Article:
Series
Trita-CHE-Report, ISSN 1654-1081 ; 2008:30
Keyword [en]
acceptance, analysis, auxiliary system, bus, Clean Urban Transport for Europe, concept, CUTE, demonstration, driver, drive cycle, duty cycle, energy flow, evaluation, fuel cell, heavy duty vehicle, hybrid management, hybrid vehicle, hydrogen, passenger, PEM, safety, Sankey diagram, series hybrid, sustainable, test, urban transport, vehicle simulation
Keyword [sv]
acceptans, analys, hjälpaggregat, buss, Clean Urban Transport for Europe, koncept, CUTE, demonstration, körcykel, förare, energiflöde, utvärdering, bränslecell, tunga fordon, hybridsystemkontroll, hybridfordon, vätgas, passagerare, PEM, säkerhet, Sankey-diagram, seriehybrid, uthållig, hållbar, test, stadstransport, fordonssimulering
National Category
Vehicle Engineering Chemical Engineering
Identifiers
URN: urn:nbn:se:kth:diva-4721ISBN: 978-91-7178-940-2 (print)OAI: oai:DiVA.org:kth-4721DiVA: diva2:13617
Public defence
2008-05-23, F3, Lindstedtsvägen 26, Stockholm, 13:00
Opponent
Supervisors
Note
QC 20100722Available from: 2008-05-05 Created: 2008-05-05 Last updated: 2010-07-22Bibliographically approved
List of papers
1. Real life testing of a hybrid PEM fuel cell bus
Open this publication in new window or tab >>Real life testing of a hybrid PEM fuel cell bus
Show others...
2003 (English)In: Journal of Power Sources, ISSN 0378-7753, Vol. 118, no 1-2, 349-357 p.Article in journal (Refereed) Published
Abstract [en]

Fuel cells produce low quantities of local emissions, if any, and are therefore one of the most promising alternatives to internal combustion engines as the main power source in future vehicles. It is likely that urban buses will be among the first commercial applications for fuel cells in vehicles. This is due to the fact that urban buses are highly visible for the public, they contribute significantly to air pollution in urban areas, they have small limitations in weight and volume and fuelling is handled via a centralised infrastructure.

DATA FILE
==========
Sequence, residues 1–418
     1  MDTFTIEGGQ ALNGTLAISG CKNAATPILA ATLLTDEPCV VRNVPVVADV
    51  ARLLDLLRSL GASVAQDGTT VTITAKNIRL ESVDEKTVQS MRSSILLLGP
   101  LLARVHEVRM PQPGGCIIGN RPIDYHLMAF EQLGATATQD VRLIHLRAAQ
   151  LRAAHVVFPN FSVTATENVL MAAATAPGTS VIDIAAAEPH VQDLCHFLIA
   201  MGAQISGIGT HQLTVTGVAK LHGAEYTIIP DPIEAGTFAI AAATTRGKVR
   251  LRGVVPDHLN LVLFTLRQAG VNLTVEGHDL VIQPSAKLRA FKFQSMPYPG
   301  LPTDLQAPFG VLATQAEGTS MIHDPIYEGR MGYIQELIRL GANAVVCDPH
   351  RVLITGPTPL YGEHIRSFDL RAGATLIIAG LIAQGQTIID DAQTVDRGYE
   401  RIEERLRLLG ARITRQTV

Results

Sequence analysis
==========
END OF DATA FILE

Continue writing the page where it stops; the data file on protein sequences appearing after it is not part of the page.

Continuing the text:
Results and experiences from real life measurements of energy flows in a Scania Hybrid PEM Fuel Cell Concept Bus are presented in this paper. The tests consist of measurements during several standard duty cycles. The efficiency of the fuel cell system and of the complete vehicle are presented and discussed. The net efficiency of the fuel cell system was approximately 40% and the fuel consumption of the concept bus is between 42 and 48% lower compared to a standard Scania bus. Energy recovery by regenerative braking saves up 28% energy. Bus subsystems such as the pneumatic system for door opening, suspension and brakes, the hydraulic power steering, the 24 V grid, the water pump and the cooling fans consume approximately 7% of the energy in the fuel input or 17% of the net power output from the fuel cell system.

The bus was built by a number of companies in a project partly financed by the European Commission's Joule programme. The comprehensive testing is partly financed by the Swedish programme "Den Grona Bilen" (The Green Car). A 50 kW(el) fuel cell system is the power source and a high voltage battery pack works as an energy buffer and power booster. The fuel, compressed hydrogen, is stored in two high-pressure stainless steel vessels mounted on the roof of the bus. The bus has a series hybrid electric driveline with wheel hub motors with a maximum power of 100 kW.

Hybrid Fuel Cell Buses have a big potential, but there are still many issues to consider prior to full-scale commercialisation of the technology. These are related to durability, lifetime, costs, vehicle and system optimisation and subsystem design. A very important factor is to implement an automotive design policy in the design and construction of all components, both in the propulsion system as well as in the subsystems.

Keyword